New lockdown in the North of England

Laveta Brigham

Shoppers wear face masks in Blackburn town centre - Christopher Furlong/Getty Images Europe
Shoppers wear face masks in Blackburn town centre – Christopher Furlong/Getty Images Europe

Partial lockdown reimposed across north of England

Boris Johnson last night ordered swathes of the north of England back into partial lockdown as he warned of a “damaging second wave” hitting the UK. Hundreds of thousands of people in Greater Manchester, Bradford, Blackburn and other areas were banned from holding indoor meetings involving people from different households. It comes after NHS data showed ­coronavirus reaching worrying levels in parts of Lancashire and Yorkshire, prompting the Prime Minister to take “immediate action” to keep people safe. Read the areas facing the indoor meeting ban, which include Leicester, which has had freedoms announced on June 23 reversed. How concerned should we be about a coronavirus resurgence? Science Editor Sarah Knapton analyses how, arguably, Britain is once again suffering from its haphazard testing regime, which is making it virtually impossible

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Virgin Money upbeat, Bank of England to review dividend policy, and Greggs sales recover

Laveta Brigham

Here are the top business, market, and economic stories you should be watching today in the UK, Europe, and abroad:

Virgin Money upbeat

Virgin Money (VMUK.L) has struck an upbeat tone on third quarter trading.

The challenger bank said customer deposits rose by 4.8% in the third quarter to £67.7bn ($87bn), as Brits stuck as home during lockdown spent less. The rise equates to around £600 extra in every Virgin Money customer’s current account or savings account.

Mortgage lending fell by 1% as the housing market paused by business lending surged by 5.7% to £8.8bn in the three months to 30 June.

“Our Q3 financial results reflect lower demand from consumers due to the pandemic, but strong demand from businesses for government-supported schemes, with the Group further increasing its provisions to reflect the uncertain economic outlook while maintaining a focus on margin, cost and capital management,” said chief executive David

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England confront Archer dilemma as West Indies eye history

Laveta Brigham

Manchester (United Kingdom) (AFP) – England will be able to recall Jofra Archer, described by skipper Joe Root as bowling “at the speed of light”, for the decisive third Test against the West Indies at Old Trafford on Friday after the pace spearhead suffered online racist abuse.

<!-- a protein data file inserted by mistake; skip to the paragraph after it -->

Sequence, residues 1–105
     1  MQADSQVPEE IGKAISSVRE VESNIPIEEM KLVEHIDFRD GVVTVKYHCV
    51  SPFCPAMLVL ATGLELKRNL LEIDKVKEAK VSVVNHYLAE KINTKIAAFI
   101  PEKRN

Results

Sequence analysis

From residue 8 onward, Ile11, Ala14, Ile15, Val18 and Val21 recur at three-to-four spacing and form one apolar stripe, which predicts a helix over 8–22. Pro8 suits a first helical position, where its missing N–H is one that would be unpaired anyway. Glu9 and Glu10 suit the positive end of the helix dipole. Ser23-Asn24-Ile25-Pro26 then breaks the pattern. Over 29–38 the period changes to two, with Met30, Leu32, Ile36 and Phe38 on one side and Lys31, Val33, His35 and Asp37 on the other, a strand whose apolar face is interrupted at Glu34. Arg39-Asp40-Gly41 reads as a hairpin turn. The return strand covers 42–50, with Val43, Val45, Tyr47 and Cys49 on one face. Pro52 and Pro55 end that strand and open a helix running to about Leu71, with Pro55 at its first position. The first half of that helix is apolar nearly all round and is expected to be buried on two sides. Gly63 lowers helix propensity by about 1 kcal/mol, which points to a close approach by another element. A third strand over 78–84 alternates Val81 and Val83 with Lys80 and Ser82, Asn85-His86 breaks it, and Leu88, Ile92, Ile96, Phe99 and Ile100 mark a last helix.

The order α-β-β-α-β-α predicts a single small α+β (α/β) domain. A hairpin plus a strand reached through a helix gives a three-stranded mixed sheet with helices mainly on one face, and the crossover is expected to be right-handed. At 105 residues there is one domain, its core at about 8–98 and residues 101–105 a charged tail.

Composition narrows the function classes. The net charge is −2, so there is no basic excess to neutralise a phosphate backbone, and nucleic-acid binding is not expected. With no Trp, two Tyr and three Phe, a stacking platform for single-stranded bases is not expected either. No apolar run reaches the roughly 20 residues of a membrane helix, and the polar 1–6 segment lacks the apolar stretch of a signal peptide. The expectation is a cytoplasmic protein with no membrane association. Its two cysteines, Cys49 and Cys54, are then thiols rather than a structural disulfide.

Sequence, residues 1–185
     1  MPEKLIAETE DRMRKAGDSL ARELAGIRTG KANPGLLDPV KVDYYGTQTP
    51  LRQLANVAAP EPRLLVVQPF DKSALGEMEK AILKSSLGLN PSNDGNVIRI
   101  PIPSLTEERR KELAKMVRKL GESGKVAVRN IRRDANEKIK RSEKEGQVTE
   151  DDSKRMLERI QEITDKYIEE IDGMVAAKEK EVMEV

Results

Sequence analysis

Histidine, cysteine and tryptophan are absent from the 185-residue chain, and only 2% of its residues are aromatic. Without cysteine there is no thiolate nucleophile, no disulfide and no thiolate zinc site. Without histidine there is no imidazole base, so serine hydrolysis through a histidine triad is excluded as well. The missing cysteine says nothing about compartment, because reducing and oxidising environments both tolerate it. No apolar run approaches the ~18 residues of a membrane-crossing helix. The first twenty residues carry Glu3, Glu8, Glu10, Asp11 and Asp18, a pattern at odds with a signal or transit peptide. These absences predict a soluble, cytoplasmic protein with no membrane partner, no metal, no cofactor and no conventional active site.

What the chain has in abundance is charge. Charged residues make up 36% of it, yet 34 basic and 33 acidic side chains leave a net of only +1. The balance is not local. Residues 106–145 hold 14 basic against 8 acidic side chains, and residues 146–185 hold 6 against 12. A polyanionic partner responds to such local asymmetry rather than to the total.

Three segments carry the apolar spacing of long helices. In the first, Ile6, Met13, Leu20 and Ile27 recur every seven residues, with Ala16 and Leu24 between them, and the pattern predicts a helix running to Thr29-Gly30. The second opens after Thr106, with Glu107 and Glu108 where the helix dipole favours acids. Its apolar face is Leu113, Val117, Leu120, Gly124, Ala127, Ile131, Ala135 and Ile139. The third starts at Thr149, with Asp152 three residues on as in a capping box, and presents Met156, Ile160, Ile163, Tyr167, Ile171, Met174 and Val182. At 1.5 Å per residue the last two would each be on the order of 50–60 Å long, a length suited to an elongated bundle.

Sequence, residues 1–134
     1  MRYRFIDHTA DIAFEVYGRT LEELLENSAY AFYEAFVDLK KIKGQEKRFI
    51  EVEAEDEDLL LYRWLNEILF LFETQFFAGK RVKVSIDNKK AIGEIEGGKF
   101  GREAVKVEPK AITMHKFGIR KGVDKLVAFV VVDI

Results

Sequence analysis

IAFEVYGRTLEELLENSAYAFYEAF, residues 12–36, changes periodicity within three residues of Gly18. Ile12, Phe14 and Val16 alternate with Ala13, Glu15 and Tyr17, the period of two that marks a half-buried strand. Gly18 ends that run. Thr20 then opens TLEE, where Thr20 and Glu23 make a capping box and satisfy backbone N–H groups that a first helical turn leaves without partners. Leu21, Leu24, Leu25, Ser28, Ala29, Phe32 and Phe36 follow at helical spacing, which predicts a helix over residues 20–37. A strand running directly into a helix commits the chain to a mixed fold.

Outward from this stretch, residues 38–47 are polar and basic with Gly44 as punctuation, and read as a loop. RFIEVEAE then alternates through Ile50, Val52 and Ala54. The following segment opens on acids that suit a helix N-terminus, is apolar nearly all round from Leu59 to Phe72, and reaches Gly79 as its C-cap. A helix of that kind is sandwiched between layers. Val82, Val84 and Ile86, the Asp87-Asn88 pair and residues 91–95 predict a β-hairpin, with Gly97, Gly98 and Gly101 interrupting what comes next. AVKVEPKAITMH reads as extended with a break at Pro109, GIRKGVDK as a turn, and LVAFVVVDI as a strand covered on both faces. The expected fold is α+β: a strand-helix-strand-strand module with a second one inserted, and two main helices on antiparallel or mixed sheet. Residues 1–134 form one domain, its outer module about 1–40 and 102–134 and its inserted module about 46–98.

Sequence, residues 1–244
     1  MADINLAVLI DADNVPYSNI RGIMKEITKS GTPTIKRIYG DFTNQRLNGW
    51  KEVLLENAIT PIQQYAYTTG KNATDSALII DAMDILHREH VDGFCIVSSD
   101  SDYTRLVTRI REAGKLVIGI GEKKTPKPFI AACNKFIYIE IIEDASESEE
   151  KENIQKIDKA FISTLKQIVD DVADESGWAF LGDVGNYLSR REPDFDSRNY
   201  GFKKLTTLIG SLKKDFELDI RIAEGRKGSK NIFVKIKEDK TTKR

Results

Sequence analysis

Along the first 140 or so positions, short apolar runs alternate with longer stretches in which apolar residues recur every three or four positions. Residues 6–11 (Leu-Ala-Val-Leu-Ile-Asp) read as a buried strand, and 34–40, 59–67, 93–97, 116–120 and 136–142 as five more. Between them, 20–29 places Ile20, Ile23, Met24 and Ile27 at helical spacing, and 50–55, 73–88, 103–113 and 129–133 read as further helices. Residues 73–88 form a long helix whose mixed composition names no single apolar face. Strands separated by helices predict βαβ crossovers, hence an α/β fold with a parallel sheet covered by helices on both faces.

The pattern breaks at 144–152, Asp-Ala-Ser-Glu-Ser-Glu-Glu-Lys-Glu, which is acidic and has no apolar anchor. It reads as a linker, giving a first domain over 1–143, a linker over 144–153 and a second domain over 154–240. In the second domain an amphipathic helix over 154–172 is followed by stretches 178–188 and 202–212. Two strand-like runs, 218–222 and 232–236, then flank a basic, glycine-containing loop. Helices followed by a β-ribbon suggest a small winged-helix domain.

Archer was included in a 14-man squad named Thursday after missing England’s series-levelling win at the same ground following a breach of coronavirus protocols caused when he made an unauthorised trip home.

In a Daily Mail column published on Wednesday, the 25-year-old Barbados-born Archer admitted to an error of judgement but said he had not “committed a crime”.

He added some of the criticism he had faced on social media following the incident had been racist.

“I need to be 100 percent mentally right so that I can throw myself into my cricket this week,” Archer wrote.

But having reassured England captain Joe

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Church of England and Bank of England apologise for historic slavery links

Laveta Brigham

The Bank of England vowed to block any images of its notorious former leaders from being displayed there - Toby Melville/Reuters
The Bank of England vowed to block any images of its notorious former leaders from being displayed there – Toby Melville/Reuters

The Church of England and the Bank of England apologised on Thursday night for their historic links to slavery through vicars, bishops and Bank governors who benefited from the trade in the 19th century.

The Church said its links to slavery were “a source of shame” as it emerged that scores of churches, clergymen and even a bishop could have been funded by compensation paid to plantation owners.

Fresh analysis of a database held by University College London (UCL) found that nearly 100 clergymen, including a bishop, who benefited from slavery were from the Church of England. Six governors and four directors of the Bank of England are also named as claimants or beneficiaries in the database.  

They include Sir John Rae Reid, governor between 1839 and 1841 and

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Long queues as shops reopen in England after lockdown

Laveta Brigham

Pent-up demand has prompted queues at some shops as rules are relaxed in England after a three month lockdown.

Long queues were reported outside Primark shops in London and Birmingham ahead of their 8am opening time.

The chain, which like other clothing shops has been closed since 23 March, does not offer online shopping meaning customers can only buy in the store.

All shops in the country are allowed to open, although retailers have had to introduce strict safety measures.

Prime Minister Boris Johnson has urged people to “shop with confidence”.

He said he was “very optimistic” about stores reopening – although acknowledged that retailers did not know whether there will be a “huge wave of customers” or a “trickle”.

Although food shops, pharmacies, banks and other essential retailers have stayed open, vast swathes of the High Street, from bookshops to clothes outlets, have been closed since 23 March.


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